trickery

EnglishEdit

EtymologyEdit

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Particularly: “Old French tricherie?”

PronunciationEdit

NounEdit

trickery (plural trickeries)

  1. (uncountable) Deception or underhanded behavior.
    • 1852, Charles Dickens, Bleak House, ch. 1:
      In trickery, evasion, procrastination, spoliation, botheration, under false pretences of all sorts, there are influences that can never come to good.
  2. (uncountable) The art of dressing up; imposture.
  3. (uncountable) Artifice; the use of one or more stratagems.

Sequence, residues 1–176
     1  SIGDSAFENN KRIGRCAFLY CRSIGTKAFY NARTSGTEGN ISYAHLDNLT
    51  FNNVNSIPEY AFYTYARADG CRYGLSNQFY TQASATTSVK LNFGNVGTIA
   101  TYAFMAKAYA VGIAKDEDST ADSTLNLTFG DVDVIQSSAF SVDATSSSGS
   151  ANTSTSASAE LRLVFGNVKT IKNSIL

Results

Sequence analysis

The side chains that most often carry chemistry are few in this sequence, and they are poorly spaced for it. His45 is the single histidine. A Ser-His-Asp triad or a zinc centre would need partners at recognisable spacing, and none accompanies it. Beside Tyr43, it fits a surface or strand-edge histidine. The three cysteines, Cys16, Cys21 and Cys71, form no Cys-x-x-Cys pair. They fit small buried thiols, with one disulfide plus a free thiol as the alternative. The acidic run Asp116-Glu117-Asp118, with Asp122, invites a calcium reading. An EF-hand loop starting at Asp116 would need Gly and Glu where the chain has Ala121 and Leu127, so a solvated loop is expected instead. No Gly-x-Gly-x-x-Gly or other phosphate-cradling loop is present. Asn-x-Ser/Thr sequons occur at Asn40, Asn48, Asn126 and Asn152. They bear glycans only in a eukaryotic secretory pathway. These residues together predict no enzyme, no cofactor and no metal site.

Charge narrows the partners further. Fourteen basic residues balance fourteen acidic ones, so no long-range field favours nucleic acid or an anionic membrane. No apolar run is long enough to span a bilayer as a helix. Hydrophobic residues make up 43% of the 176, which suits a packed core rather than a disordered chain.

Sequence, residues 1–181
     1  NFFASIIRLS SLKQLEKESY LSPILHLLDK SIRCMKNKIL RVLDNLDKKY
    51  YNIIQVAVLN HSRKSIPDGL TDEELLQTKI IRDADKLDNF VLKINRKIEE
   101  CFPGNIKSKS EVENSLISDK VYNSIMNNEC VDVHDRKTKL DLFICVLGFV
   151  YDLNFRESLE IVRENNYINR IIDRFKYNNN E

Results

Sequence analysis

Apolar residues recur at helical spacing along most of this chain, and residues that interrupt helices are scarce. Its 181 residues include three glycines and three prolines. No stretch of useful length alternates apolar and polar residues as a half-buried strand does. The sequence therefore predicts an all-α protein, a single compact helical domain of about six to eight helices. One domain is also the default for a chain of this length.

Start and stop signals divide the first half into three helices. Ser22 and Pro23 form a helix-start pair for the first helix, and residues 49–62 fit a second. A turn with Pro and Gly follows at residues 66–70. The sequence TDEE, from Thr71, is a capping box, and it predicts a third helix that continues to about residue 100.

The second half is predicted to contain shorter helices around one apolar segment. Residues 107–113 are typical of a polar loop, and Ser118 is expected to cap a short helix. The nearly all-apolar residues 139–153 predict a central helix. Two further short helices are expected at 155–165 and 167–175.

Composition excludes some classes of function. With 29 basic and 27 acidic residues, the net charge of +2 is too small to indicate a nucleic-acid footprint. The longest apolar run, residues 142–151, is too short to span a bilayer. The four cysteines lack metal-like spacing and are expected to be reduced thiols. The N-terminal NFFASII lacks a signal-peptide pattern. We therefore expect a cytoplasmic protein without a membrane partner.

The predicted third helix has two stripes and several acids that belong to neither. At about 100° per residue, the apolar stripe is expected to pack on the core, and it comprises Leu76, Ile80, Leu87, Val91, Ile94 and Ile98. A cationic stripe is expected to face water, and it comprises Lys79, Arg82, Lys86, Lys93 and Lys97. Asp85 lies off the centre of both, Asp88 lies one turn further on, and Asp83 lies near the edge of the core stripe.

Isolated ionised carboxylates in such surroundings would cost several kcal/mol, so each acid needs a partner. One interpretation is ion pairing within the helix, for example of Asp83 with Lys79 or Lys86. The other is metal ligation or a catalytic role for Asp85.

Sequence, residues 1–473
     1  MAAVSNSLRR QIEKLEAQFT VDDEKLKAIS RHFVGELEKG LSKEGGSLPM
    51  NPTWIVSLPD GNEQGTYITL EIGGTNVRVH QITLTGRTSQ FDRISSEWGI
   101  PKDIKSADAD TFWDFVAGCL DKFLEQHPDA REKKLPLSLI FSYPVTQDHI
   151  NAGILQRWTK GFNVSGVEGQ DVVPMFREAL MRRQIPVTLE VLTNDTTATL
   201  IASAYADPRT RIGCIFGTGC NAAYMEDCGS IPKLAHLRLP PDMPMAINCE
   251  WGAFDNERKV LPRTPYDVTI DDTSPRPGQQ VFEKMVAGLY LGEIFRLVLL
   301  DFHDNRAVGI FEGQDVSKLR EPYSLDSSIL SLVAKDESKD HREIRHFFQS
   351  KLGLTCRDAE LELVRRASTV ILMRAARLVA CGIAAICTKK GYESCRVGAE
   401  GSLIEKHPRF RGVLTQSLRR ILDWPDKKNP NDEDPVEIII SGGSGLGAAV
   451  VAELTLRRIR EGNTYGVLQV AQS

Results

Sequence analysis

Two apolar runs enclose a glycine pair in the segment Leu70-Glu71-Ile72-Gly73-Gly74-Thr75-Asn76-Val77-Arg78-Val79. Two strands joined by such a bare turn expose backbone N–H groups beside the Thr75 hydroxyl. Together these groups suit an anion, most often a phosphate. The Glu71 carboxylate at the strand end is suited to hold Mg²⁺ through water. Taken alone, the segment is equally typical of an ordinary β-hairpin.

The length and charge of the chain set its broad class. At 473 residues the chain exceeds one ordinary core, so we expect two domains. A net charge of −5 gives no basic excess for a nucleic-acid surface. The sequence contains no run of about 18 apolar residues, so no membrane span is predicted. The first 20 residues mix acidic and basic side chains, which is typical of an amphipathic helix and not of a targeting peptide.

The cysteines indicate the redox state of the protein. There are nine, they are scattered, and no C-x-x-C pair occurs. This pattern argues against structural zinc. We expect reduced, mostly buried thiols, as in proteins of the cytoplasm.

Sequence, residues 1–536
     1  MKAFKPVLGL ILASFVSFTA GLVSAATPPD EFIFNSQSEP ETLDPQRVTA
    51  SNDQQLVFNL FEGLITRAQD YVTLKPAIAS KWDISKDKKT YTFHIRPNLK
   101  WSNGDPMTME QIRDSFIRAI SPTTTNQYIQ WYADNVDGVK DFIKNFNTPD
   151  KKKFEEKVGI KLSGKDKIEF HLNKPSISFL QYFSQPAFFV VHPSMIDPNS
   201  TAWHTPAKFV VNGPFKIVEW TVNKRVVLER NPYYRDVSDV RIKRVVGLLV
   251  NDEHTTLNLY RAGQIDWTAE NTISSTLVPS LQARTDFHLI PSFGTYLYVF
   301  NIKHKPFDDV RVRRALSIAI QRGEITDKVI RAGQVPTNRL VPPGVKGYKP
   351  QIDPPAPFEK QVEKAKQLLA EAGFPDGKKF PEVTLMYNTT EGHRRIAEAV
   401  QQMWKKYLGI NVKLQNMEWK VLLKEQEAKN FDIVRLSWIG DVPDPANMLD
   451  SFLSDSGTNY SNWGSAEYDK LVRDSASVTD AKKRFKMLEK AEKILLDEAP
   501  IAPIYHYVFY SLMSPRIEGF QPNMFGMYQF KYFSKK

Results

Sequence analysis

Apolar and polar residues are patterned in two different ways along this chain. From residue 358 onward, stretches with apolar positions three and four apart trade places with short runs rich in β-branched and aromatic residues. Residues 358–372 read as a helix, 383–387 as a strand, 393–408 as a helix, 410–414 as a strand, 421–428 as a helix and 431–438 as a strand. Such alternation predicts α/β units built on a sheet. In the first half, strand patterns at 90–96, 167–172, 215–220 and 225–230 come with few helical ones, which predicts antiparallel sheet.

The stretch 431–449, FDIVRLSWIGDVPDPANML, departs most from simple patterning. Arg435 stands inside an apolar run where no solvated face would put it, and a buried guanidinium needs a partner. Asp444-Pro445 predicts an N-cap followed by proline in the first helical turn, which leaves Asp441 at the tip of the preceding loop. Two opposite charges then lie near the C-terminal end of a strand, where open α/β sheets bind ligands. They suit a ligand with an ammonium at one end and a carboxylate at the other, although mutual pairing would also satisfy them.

• 2012 April 21, Jonathan Jurejko, “Newcastle 3-0 Stoke”, BBC Sport:
      French winger Hatem Ben Arfa has also taken plenty of plaudits recently and he was the architect of the opening goal with some superb trickery on the left touchline.
  4. (countable) An instance of deception, underhanded behavior, dressing up, imposture, artifice, etc.
    • 1809, Washington Irving, Knickerbocker's History of New York, ch. 47:
      [H]e did not wrap his rugged subject in silks and ermines, and other sickly trickeries of phrase.
    • 1898, Bret Harte, "See UP" in Stories in Light and Shadow:
      The miners found diversions even in his alleged frauds and trickeries . . . and were fond of relating with great gusto his evasion of the Foreign Miners' Tax.

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Last modified on 9 April 2014, at 15:59